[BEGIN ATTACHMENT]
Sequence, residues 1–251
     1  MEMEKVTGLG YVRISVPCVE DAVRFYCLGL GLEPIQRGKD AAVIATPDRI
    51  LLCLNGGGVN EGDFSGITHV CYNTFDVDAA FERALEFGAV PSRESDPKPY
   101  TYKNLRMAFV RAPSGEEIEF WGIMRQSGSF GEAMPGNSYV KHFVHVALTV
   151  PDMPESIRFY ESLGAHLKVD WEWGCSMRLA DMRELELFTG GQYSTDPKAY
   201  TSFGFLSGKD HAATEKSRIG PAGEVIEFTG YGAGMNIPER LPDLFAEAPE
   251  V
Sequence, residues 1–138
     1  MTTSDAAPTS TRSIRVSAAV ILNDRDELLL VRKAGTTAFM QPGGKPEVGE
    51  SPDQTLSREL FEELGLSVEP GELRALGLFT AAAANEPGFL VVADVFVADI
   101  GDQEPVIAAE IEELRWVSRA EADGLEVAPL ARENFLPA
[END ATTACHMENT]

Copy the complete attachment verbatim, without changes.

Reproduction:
Sequence, residues 1–251
     1  MEMEKVTGLG YVRISVPCVE DAVRFYCLGL GLEPIQRGKD AAVIATPDRI
    51  LLCLNGGGVN EGDFSGITHV CYNTFDVDAA FERALEFGAV PSRESDPKPY
   101  TYKNLRMAFV RAPSGEEIEF WGIMRQSGSF GEAMPGNSYV KHFVHVALTV
   151  PDMPESIRFY ESLGAHLKVD WEWGCSMRLA DMRELELFTG GQYSTDPKAY
   201  TSFGFLSGKD HAATEKSRIG PAGEVIEFTG YGAGMNIPER LPDLFAEAPE
   251  V
Sequence, residues 1–138
     1  MTTSDAAPTS TRSIRVSAAV ILNDRDELLL VRKAGTTAFM QPGGKPEVGE
    51  SPDQTLSREL FEELGLSVEP GELRALGLFT AAAANEPGFL VVADVFVADI
   101  GDQEPVIAAE IEELRWVSRA EADGLEVAPL ARENFLPA